Most hunter dress codes require tan breeches, but jumpers may wear white breeches for their Classic rounds, which typically run on Sundays. Knee patch breeches are helpful for hunters and jumpers because they provide grip as you jump. Younger riders may choose to wear jodhpurs instead, which are another type of riding pants.

Learn more: How to Buy Breeches: Size, Fit, Style Guide

Riding boots

Hunters should wear tall black boots at competitions. Jumpers can be more creative, often adding decorative accents on their tall boots. Younger riders wearing jodhpurs should wear paddock boots and garter straps.

Learn how to choose the right riding boots.

Riding gloves

Hunter riders traditionally show in black riding gloves. Jumpers are not required to wear gloves, but they do provide extra grip and protection for your hands as you ride.

For hunter jumper outfit inspiration, check out our equestrian fashion lookbook.

How to get started in hunter jumper horse riding

If you’re interested in becoming a hunter jumper and wondering where to start, low level hunter or equitation classes can be a great way to learn the basics. Equitation provides a solid foundation for learning proper position and body control that will best enable you to ride with precision and accuracy over both hunter and jumper tracks. By competing in equitation over fences classes, you can practice mastering proper jumping form and strengthen your connection between pace and track and how they affect your horse’s jumping ability before moving into either discipline. Once you have a solid foundation of jumping courses, beginners may start to compete in show jumping classes since most competitions offer classes with low jumps and easy-to- navigate courses.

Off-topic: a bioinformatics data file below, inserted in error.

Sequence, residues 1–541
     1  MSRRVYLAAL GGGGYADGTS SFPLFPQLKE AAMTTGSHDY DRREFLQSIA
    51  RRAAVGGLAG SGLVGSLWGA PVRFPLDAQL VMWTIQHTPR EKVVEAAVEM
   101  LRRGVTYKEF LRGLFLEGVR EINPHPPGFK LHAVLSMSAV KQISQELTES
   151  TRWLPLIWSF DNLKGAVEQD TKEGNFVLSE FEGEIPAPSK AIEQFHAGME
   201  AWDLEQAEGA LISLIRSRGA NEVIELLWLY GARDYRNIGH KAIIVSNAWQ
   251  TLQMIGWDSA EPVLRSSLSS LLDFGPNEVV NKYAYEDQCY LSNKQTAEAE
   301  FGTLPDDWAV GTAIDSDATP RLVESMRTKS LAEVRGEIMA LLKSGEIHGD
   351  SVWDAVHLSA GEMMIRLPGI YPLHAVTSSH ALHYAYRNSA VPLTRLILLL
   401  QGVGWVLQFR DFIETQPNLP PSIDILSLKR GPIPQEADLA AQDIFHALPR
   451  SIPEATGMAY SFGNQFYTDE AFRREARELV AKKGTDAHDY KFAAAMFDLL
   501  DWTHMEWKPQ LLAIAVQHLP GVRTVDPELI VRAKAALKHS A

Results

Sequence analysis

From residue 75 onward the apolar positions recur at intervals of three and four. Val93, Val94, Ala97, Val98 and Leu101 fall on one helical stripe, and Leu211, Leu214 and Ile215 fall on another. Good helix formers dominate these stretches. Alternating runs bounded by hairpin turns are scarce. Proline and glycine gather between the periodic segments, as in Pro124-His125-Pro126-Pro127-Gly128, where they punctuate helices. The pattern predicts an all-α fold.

Before diving into any hunter jumper discipline, you should find a professional trainer who can teach you and your horse the proper techniques to ensure the safety of both you and your horse. Most likely, your trainer will start your training with flatwork exercises to work on your horse’s balance and communication. Once your horse is comfortable on the flat, you can move on to grid work exercises with ground poles or cavalettis, gradually increasing fence heights as you progress. Once you and your horse have established the necessary skills and confidence, you can compete in beginner equitation, hunter, or jumper classes in local shows, and work your way up from there.

Elevate your ride with hunter jumper attire from R.J. Classics

Before your first hunter jumper competition, you’ll need the proper show attire to look the part. R.J. Classics designs fashion-forward equestrian clothing that’s made to move with you and built to last. With a variety of patterns and colors, you can express yourself in the show ring while respecting the tradition of the hunter jumper sport. Shop our newest collection to elevate your show look today.